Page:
Pythian Remote DBA

NAME

Oraperl - [DEPRECATED] Perl access to Oracle databases for old oraperl scripts

VERSION

version 1.51

SYNOPSIS

  eval 'use Oraperl; 1;' || die $@ if $] >= 5;  # ADD THIS LINE TO OLD SCRIPTS

  $lda = &ora_login($system_id, $name, $password)
  $csr = &ora_open($lda, $stmt [, $cache])
  &ora_bind($csr, $var, ...)
  &ora_fetch($csr [, $trunc])
  &ora_close($csr)
  &ora_logoff($lda)

  &ora_do($lda, $stmt)

  &ora_titles($csr)
  &ora_lengths($csr)
  &ora_types($csr)
  &ora_commit($lda)
  &ora_rollback($lda)
  &ora_autocommit($lda, $on_off)
  &ora_version()

  $ora_cache
  $ora_long
  $ora_trunc
  $ora_errno
  $ora_errstr
  $ora_verno

  $ora_debug

DESCRIPTION

NOTE: the use of Oraperl is deprecated in favor of DBD::Oracle, and currently exist only as a backward compatible interface for this module.

Oraperl is an extension to Perl which allows access to Oracle databases.

The original oraperl was a Perl 4 binary with Oracle OCI compiled into it. The Perl 5 Oraperl module described here is distributed with DBD::Oracle (a database driver what operates within DBI) and adds an extra layer over DBI method calls. The Oraperl module should only be used to allow existing Perl 4 oraperl scripts to run with minimal changes; any new development should use DBI directly.

The functions which make up this extension are described in the following sections. All functions return a false or undefined (in the Perl sense) value to indicate failure. You do not need to understand the references to OCI in these descriptions. They are here to help those who wish to extend the routines or to port them to new machines.

The text in this document is largely unchanged from the original Perl4 oraperl manual written by Kevin Stock <kstock@auspex.fr>. Any comments specific to the DBD::Oracle Oraperl emulation are prefixed by DBD:. See the DBD::Oracle and DBI manuals for more information.

DBD: In order to make the oraperl function definitions available in perl5 you need to arrange to 'use' the Oraperl.pm module in each file or package which uses them. You can do this by simply adding use Oraperl; in each file or package. If you need to make the scripts work with both the perl4 oraperl and perl5 you should add add the following text instead:

  eval 'use Oraperl; 1;' || die $@ if $] >= 5;

Principal Functions

The main functions for database access are &ora_login(), &ora_open(), &ora_bind(), &ora_fetch(), &ora_close(), &ora_do() and &ora_logoff().

  • ora_login

      $lda = &ora_login($system_id, $username, $password)

    In order to access information held within an Oracle database, a program must first log in to it by calling the &ora_login() function. This function is called with three parameters, the system ID (see below) of the Oracle database to be used, and the Oracle username and password. The value returned is a login identifier (actually an Oracle Login Data Area) referred to below as $lda.

    Multiple logins may be active simultaneously. This allows a simple mechanism for correlating or transferring data between databases.

    Most Oracle programs (for example, SQL*Plus or SQL*Forms) examine the environment variable ORACLE_SID or TWO_TASK to determine which database to connect to. In an environment which uses several different databases, it is easy to make a mistake, and attempt to run a program on the wrong one. Also, it is cumbersome to create a program which works with more than one database simultaneously. Therefore, Oraperl requires the system ID to be passed as a parameter. However, if the system ID parameter is an empty string then oracle will use the existing value of ORACLE_SID or TWO_TASK in the usual manner.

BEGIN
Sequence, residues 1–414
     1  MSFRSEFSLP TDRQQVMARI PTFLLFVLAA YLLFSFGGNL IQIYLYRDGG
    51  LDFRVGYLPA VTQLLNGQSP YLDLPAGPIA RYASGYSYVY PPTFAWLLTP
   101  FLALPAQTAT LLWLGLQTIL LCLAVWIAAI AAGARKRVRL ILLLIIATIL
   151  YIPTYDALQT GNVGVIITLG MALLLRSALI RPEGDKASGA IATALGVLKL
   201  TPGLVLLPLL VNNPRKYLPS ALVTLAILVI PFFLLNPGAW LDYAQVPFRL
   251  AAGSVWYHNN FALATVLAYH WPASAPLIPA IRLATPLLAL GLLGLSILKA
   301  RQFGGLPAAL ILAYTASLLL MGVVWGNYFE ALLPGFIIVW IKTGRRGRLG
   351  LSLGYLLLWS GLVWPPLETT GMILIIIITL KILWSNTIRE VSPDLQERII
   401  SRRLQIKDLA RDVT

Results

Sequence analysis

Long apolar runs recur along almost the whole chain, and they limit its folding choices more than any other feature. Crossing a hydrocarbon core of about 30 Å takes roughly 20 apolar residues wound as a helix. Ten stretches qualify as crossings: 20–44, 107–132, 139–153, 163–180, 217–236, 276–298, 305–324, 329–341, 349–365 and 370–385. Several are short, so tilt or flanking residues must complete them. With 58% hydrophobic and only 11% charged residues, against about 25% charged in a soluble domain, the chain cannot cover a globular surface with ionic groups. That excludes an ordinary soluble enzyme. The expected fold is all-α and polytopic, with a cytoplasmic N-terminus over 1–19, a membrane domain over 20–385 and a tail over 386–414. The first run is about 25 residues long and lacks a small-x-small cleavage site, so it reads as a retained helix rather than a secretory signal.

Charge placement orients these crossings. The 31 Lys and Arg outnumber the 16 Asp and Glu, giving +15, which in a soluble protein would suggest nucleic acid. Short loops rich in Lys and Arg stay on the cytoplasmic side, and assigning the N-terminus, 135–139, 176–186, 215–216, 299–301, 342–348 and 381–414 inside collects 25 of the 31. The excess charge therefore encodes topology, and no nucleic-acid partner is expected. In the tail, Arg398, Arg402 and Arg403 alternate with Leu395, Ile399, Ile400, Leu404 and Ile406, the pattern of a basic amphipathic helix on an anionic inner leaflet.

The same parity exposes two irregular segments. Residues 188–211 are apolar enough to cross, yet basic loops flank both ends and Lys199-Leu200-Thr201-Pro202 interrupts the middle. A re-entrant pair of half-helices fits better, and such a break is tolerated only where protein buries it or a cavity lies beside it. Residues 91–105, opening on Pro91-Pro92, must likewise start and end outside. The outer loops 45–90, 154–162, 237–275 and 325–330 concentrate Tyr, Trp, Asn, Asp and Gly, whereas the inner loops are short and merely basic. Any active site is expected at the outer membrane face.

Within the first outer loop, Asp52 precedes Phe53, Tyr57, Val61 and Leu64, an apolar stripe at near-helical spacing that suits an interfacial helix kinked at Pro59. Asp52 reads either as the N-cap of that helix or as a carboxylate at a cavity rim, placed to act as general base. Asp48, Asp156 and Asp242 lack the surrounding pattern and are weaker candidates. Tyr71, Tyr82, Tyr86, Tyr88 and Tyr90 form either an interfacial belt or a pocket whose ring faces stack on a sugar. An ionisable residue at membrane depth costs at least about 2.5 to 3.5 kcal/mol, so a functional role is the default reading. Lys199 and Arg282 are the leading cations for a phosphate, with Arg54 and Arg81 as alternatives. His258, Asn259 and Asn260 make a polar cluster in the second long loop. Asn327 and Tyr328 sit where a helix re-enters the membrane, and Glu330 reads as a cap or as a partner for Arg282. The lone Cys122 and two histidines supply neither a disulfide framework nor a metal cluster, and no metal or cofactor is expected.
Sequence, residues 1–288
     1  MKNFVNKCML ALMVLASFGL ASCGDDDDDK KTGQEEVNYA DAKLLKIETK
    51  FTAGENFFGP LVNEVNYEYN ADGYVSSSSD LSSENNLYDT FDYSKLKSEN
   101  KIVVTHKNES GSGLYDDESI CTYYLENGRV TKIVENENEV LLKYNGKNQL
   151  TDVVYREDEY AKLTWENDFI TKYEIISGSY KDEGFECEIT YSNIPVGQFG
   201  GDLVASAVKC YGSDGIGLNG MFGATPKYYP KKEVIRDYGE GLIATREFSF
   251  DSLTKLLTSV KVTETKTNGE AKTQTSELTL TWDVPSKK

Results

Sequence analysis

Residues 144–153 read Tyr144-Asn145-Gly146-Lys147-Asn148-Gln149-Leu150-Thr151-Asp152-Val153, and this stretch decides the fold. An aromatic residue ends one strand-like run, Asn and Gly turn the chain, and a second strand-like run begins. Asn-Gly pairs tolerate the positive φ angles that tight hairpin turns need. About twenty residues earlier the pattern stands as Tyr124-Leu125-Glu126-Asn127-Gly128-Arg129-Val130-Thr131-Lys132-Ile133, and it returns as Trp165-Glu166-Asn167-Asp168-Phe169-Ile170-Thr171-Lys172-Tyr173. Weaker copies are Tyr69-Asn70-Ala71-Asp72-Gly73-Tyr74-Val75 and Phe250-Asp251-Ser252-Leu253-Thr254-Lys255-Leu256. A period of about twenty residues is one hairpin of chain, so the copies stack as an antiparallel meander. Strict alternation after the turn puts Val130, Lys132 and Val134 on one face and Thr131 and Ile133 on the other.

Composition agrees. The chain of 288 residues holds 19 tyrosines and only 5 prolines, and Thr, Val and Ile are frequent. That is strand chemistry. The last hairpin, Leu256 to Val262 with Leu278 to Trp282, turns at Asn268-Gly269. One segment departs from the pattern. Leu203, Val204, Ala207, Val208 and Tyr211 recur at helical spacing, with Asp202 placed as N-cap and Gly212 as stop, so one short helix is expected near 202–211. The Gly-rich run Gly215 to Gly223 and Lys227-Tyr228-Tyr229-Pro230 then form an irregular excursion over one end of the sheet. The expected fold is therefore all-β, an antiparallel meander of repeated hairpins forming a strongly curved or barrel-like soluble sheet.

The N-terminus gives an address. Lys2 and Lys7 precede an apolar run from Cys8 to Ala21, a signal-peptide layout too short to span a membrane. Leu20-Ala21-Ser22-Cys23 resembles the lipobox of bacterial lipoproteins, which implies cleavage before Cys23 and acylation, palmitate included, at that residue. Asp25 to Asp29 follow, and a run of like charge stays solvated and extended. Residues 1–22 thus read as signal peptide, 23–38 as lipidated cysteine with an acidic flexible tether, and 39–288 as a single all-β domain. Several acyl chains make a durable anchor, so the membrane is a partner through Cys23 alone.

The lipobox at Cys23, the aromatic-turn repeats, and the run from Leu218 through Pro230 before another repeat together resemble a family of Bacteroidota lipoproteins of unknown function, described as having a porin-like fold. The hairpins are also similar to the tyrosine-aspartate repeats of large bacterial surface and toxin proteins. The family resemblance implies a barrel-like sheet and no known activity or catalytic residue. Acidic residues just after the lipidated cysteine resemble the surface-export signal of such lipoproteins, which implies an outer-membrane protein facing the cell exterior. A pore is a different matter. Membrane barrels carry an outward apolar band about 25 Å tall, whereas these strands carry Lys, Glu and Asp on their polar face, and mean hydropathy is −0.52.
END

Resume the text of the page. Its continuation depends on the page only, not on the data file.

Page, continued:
Example:

      $lda = &ora_login('personnel', 'scott', 'tiger') || die $ora_errstr;

    This function is equivalent to the OCI olon and orlon functions.

    DBD: note that a name is assumed to be a TNS alias if it does not appear as the name of a SID in /etc/oratab or /var/opt/oracle/oratab. See the code in Oracle.pm for the full logic of database name handling.

    DBD: Since the returned $lda is a Perl5 reference the database login identifier is now automatically released if $lda is overwritten or goes out of scope.

  • ora_open

      $csr = &ora_open($lda, $statement [, $cache])

    To specify an SQL statement to be executed, the program must call the &ora_open() function. This function takes at least two parameters: a login identifier (obtained from &ora_login()) and the SQL statement to be executed. An optional third parameter specifies the size of the row cache to be used for a SELECT statement. The value returned from &ora_open() is a statement identifier (actually an ORACLE Cursor) referred to below as $csr.

    If the row cache size is not specified, a default size is used. As distributed, the default is five rows, but this may have been changed at your installation (see the &ora_version() function and $ora_cache variable below).

    Examples:

     $csr = &ora_open($lda, 'select ename, sal from emp order by ename', 10);
    
     $csr = &ora_open($lda, 'insert into dept values(:1, :2, :3)');

    This function is equivalent to the OCI oopen and oparse functions. For statements which do not contain substitution variables (see the section Substitution Variables below), it also uses of the oexec function. For SELECT statements, it also makes use of the odescr and odefin functions to allocate memory for the values to be returned from the database.

  • ora_bind

      &ora_bind($csr, $var, ...)